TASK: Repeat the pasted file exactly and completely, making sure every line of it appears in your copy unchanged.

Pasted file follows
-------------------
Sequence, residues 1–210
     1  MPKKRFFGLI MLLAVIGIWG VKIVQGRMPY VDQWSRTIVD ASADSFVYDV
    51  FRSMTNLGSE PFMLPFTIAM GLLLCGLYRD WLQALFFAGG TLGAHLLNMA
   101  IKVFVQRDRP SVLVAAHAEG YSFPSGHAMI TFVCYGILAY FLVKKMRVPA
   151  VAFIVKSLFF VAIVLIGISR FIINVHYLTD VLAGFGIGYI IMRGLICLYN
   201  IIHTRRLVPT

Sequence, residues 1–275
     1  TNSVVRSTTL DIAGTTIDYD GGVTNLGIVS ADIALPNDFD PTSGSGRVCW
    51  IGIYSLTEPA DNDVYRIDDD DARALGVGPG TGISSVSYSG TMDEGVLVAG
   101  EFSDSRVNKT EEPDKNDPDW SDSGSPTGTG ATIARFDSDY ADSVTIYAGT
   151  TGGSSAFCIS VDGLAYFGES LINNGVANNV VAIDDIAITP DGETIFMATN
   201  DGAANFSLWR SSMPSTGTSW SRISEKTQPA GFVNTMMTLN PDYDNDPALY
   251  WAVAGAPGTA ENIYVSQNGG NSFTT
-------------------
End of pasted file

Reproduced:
Sequence, residues 1–210
     1  MPKKRFFGLI MLLAVIGIWG VKIVQGRMPY VDQWSRTIVD ASADSFVYDV
    51  FRSMTNLGSE PFMLPFTIAM GLLLCGLYRD WLQALFFAGG TLGAHLLNMA
   101  IKVFVQRDRP SVLVAAHAEG YSFPSGHAMI TFVCYGILAY FLVKKMRVPA
   151  VAFIVKSLFF VAIVLIGISR FIINVHYLTD VLAGFGIGYI IMRGLICLYN
   201  IIHTRRLVPT

Sequence, residues 1–275
     1  TNSVVRSTTL DIAGTTIDYD GGVTNLGIVS ADIALPNDFD PTSGSGRVCW
    51  IGIYSLTEPA DNDVYRIDDD DARALGVGPG TGISSVSYSG TMDEGVLVAG
   101  EFSDSRVNKT EEPDKNDPDW SDSGSPTGTG ATIARFDSDY ADSVTIYAGT
   151  TGGSSAFCIS VDGLAYFGES LINNGVANNV VAIDDIAITP DGETIFMATN
   201  DGAANFSLWR SSMPSTGTSW SRISEKTQPA GFVNTMMTLN PDYDNDPALY
   251  WAVAGAPGTA ENIYVSQNGG NSFTT